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One month removed from completing a 10-win season, Northwestern head coach Pat Fitzgerald announced the addition of 21 newcomers to the Wildcats football program for the 2013 season — 19 inked to National Letters of Intent along with two walk-ons admitted during the early decision process.
Bo Pelini and company did a good job, bringing in a big class (26) that lacks a superstar but has a lot of high-quality signees. There’s a strong collection of players on defense, paced by DT Maliek Collins, DE A.J. Natter, OLB Josh Banderas, and S D.J. Singleton of Jersey City, N.J.
Coming off their first bowl since 2009 and entering their third season under Jerry Kill, a last-place finish in Big Ten recruiting ranks is a bit of a disappointment. The fact this was a small class played a role in that low ranking. But just know this: Kill never signed top classes at Northern Illinois, and that program just went to the Orange Bowl with a core of players he recruited.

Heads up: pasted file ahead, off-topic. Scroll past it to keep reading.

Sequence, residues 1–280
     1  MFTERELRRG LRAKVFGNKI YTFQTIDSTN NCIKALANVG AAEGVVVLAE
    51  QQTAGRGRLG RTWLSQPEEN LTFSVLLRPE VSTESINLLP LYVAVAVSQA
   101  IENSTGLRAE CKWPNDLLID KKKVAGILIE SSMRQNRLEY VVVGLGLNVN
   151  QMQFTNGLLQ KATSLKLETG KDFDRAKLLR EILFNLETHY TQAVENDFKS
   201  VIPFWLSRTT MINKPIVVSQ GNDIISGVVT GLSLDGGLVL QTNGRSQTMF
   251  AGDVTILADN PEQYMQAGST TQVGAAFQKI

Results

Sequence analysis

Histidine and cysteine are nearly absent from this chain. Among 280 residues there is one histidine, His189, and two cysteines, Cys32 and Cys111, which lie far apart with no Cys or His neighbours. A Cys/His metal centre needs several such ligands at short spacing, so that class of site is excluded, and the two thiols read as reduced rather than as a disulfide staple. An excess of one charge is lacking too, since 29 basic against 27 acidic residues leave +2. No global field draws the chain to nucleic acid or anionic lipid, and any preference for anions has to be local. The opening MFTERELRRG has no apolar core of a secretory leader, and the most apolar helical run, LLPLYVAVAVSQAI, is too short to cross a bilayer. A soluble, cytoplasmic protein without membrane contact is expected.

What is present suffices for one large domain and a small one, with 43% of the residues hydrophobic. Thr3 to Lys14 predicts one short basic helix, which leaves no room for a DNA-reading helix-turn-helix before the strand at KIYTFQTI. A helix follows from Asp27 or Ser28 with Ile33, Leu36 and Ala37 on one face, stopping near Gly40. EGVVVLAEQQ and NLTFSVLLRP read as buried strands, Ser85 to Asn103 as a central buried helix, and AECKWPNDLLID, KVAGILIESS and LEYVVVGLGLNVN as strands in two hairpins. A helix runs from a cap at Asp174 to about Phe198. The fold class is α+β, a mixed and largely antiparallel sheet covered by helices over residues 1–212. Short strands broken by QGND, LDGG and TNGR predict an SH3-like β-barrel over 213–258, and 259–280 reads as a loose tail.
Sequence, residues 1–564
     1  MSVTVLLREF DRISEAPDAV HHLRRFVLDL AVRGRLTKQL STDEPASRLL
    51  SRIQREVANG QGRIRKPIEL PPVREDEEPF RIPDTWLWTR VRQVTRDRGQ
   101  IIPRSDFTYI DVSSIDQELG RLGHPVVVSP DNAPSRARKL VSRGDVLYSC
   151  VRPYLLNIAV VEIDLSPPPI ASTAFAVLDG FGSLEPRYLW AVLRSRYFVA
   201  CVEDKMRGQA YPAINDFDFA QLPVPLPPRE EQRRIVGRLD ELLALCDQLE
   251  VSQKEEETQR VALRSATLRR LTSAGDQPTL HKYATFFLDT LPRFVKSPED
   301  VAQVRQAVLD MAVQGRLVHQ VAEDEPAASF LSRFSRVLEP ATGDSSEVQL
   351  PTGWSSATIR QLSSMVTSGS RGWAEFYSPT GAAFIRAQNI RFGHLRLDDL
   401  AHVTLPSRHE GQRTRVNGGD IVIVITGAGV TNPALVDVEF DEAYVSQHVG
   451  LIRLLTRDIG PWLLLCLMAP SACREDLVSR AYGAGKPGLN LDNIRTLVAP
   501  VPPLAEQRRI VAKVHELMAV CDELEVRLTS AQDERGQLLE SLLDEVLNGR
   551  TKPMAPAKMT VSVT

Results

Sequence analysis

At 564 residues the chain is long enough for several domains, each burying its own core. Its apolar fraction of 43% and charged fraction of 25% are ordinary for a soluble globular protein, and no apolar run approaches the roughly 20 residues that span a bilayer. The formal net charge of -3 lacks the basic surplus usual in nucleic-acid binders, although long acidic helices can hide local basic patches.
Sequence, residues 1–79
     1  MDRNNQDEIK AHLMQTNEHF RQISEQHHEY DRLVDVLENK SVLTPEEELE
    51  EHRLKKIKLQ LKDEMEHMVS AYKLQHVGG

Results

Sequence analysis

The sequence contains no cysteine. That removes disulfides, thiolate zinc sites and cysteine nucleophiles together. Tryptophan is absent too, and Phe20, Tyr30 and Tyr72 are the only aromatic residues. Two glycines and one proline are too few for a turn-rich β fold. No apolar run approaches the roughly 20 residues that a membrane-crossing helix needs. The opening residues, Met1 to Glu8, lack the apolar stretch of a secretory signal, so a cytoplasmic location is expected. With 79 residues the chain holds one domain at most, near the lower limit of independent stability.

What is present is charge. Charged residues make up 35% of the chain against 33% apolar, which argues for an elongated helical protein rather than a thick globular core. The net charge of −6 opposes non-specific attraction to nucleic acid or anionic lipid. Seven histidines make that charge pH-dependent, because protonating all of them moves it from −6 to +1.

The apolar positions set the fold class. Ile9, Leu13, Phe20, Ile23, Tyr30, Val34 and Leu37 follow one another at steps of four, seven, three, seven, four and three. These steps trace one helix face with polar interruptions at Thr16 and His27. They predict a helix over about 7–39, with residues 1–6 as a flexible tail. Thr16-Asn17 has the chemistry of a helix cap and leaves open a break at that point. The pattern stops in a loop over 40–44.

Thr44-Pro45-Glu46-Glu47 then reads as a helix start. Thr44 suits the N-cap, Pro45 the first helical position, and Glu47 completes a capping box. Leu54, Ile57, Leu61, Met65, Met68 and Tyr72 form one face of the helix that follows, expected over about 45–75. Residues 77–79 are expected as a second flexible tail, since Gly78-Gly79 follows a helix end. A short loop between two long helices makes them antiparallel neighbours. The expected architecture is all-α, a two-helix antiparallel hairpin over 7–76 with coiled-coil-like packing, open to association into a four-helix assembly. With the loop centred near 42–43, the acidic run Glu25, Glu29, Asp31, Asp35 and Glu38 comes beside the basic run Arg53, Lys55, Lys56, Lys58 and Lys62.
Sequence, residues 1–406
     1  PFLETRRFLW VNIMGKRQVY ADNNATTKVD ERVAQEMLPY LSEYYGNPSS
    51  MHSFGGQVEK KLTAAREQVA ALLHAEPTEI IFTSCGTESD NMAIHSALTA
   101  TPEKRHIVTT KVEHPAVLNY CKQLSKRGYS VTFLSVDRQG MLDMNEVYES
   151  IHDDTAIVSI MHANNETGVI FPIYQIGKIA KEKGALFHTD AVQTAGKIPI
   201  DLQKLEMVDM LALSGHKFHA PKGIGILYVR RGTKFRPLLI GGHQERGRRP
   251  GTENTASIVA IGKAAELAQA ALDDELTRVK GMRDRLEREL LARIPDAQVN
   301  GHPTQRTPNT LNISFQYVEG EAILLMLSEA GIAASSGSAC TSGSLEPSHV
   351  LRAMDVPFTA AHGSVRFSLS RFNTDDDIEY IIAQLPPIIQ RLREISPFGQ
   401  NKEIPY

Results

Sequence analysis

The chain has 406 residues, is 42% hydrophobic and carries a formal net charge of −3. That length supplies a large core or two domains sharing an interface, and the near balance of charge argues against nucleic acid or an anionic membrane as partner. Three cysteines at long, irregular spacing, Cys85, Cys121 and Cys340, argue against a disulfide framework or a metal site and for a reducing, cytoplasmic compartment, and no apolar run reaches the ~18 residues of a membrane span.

Michigan State head coach Mark Dantonio introduced the Spartans’ 2013 recruiting class Wednesday afternoon at a press conference inside the Clara Bell Smith Center Auditorium. Watch our crew discuss and analyze the latest Michigan State recruiting class now.
Andrew Weber-US PRESSWIRE
Michigan was right on the heels of Ohio State, signing more players than any Big Ten school (27). The cream of the class is the guy who committed last: Derrick Green, a 5-11, 220-pound smasher with speed from Richmond, Va., who is considered the top running back in the nation by Scout.com. Green picked Michigan over Auburn and Tennessee and solves a gnawing need at running back for the Wolverines.
Coming off the program’s worst season since 2000, it’s difficult to get a read on this class. There are no five- or four-star players in a class that is heavy on offensive players. In fact, only one Big Ten school signed more than Iowa’s 12. (Michigan has 15.) It’s a good thing, too, because the Hawkeyes struggled mightily on that side of the ball in 2012.